Each summer, I pull down the family calendar and update it for the fall semester.
Using a set of colored markers, I write in school holidays, events and trips.
Tupelo High School band rehearsals and performances are marked in blue so I can track when and where the long blue line will be. Boy Scout events are listed in green. I’ve added red for Shannon High School where my husband teaches. More appointments, commitments and notices will be added as the semester goes on.
Organizing the calendar marks the beginning of school prep. It may seem extreme to lay it out more than four weeks ahead of the return to school. But I’ve found that if I wait to write in all the dates, the speed of school year commitments will overtake me.
Marking up the calendar is usually a bit bittersweet, a color-coded acknowledgement that summer and its lazy days are not endless. But this year, there’s an extra edge to the tradition.
All of these dates are the first of the lasts for my daughter. It is the last first day of school. It is the last first half-time performance. And so starts the senior year of high school.
August 2019 seemed so far away in August 2007 when we gathered school supplies and a cute backpack with her name on it as we headed to Thomas Street Elementary. The teachers and staff kindly welcomed the kids and gently shepherded the parents through the first hurdles of formal education.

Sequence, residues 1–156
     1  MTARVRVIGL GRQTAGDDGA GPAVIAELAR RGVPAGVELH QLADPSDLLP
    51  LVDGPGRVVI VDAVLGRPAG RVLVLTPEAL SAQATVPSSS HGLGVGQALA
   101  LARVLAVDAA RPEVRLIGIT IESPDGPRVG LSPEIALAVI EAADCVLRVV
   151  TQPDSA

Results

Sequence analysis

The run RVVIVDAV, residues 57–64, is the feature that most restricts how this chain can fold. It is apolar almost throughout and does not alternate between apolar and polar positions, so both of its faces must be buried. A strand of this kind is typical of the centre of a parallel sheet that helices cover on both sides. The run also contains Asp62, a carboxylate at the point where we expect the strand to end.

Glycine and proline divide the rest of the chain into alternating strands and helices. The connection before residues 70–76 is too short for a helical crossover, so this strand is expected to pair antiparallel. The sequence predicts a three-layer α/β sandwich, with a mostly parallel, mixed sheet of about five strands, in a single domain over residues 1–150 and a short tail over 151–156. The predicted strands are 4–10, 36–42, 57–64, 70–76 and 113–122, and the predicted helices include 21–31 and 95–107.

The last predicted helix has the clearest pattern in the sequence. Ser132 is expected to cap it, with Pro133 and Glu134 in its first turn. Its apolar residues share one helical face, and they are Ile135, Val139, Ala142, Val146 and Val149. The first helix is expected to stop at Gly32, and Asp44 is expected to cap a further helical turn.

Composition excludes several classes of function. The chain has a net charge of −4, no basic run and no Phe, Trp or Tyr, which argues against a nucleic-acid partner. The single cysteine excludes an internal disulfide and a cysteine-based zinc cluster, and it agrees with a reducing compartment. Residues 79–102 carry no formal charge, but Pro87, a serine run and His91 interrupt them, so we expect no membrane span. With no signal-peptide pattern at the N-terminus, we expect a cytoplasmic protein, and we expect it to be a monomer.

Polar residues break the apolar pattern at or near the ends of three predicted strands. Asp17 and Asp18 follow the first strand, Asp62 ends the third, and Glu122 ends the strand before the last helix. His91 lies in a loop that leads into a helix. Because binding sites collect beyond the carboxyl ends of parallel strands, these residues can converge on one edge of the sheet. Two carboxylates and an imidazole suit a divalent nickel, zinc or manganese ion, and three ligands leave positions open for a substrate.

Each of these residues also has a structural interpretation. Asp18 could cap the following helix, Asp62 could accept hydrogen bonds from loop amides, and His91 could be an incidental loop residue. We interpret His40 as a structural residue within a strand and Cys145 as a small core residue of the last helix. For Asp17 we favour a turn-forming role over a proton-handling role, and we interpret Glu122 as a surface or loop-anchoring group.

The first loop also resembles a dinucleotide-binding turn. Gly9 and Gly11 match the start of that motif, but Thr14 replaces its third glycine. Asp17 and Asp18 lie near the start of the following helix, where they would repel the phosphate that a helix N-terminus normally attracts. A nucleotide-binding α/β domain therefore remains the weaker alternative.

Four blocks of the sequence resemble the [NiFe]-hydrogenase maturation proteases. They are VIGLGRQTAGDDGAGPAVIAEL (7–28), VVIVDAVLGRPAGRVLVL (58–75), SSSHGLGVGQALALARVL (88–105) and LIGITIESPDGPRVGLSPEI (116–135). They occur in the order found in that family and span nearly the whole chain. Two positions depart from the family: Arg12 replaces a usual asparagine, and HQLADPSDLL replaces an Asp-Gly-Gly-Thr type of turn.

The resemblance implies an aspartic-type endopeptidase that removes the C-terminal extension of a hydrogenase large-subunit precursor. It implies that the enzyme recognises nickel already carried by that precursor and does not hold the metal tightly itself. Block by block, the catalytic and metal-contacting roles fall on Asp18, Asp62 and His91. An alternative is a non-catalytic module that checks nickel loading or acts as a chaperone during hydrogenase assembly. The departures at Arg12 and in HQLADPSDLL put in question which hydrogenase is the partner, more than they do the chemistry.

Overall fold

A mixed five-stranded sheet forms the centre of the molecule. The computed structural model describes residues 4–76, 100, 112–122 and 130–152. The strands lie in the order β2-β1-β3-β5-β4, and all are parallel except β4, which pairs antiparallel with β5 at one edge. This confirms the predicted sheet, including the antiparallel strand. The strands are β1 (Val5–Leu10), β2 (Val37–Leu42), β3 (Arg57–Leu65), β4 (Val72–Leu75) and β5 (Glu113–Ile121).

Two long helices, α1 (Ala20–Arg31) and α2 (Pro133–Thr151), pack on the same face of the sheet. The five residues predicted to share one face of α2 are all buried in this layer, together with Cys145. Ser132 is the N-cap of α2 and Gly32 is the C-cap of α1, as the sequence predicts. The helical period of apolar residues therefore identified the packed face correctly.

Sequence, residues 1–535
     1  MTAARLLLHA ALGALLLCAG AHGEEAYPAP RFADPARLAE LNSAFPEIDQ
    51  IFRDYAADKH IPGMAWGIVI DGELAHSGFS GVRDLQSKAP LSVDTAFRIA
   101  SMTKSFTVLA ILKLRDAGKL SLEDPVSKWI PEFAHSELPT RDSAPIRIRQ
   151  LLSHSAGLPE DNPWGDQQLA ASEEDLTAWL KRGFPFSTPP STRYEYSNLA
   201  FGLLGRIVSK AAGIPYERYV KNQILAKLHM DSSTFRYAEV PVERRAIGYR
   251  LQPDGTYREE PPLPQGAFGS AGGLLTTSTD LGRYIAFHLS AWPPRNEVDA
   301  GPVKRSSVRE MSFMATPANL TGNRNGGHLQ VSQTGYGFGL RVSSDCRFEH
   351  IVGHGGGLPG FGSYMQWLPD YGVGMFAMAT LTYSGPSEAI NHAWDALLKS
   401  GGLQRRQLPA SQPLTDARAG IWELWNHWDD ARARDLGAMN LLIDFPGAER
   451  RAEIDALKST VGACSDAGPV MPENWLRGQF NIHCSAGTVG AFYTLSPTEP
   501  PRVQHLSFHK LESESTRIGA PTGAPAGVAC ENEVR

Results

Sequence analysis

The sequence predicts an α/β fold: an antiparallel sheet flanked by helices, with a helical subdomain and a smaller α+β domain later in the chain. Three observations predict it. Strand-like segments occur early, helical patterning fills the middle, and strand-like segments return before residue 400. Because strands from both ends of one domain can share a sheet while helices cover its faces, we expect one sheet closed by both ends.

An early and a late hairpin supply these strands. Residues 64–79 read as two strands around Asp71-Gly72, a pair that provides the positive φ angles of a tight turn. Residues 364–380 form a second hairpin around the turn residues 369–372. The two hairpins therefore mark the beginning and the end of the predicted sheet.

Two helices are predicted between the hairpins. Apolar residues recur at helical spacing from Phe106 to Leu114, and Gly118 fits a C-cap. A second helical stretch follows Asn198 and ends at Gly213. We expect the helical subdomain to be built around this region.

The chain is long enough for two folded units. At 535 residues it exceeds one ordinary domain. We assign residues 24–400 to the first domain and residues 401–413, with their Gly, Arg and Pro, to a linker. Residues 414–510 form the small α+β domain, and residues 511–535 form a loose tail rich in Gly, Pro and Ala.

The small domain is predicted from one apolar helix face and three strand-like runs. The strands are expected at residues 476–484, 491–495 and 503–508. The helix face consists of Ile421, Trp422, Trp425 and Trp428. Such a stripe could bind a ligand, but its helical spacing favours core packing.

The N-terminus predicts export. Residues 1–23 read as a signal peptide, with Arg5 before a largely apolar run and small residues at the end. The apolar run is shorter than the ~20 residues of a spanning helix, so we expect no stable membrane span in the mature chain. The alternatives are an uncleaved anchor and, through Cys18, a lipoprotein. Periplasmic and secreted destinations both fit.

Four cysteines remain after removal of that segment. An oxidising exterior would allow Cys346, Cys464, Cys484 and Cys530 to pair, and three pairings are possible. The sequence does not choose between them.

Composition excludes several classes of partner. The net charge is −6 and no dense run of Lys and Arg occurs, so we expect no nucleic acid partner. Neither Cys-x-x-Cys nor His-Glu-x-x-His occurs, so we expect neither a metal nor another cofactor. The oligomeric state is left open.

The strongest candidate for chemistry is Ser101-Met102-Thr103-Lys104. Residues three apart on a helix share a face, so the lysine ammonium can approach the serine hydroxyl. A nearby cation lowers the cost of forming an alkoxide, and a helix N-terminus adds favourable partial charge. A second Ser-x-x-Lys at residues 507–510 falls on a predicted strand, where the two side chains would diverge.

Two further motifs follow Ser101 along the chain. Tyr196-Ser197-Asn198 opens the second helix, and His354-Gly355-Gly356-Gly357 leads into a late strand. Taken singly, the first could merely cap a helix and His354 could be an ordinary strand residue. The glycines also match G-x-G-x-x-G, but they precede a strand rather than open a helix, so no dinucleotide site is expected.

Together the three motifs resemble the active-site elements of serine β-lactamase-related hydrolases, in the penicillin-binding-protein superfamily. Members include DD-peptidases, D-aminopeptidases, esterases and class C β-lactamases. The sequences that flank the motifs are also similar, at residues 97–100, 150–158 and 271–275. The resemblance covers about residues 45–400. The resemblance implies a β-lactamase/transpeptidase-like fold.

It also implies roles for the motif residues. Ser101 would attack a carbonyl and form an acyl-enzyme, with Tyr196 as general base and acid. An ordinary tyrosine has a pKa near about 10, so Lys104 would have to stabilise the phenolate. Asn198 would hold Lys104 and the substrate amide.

Older, wiser parents told me it would go by too quickly. There were times I didn’t believe them, times I wished the school year would speed along. But they were so right, and it feels like the time warp is only speeding up.
In these last weeks before school starts, I feel like I’m ticking up to the top of the roller coaster. I’m already balancing the desire to relax and enjoy the ride with the long list of decisions and tasks that must be completed during the next 10 months.
After this time is over, I know she will pass into a new stage. I wouldn’t want to permanently rewind, but I know there are things I will miss. I’m not worried about the empty nest. After all, we still have a son to shepherd through high school. Hopefully, he will be able to deal with his parents’ undivided attention.
But the next time our young woman starts school, I likely won’t get to hug her as she heads out for first day of classes. I’ll have to sit on my hands to keep from texting her repeatedly about how her day is going. I’ll pray I’ll get more than “fine” or “K” when I let myself send that single text checking in.
If she’s like her mother, once she leaves for college, she won’t ever really live at home again for more than a few weeks at a time. I’ll miss her, but I’ll be proud of her. She is organized, smart and well-prepared.
But I’ll also long for those moments when I could lock the doors, turn off the lights and know both of my kiddos are tucked into their beds. I’ll enjoy that feeling for the next 10 months or so.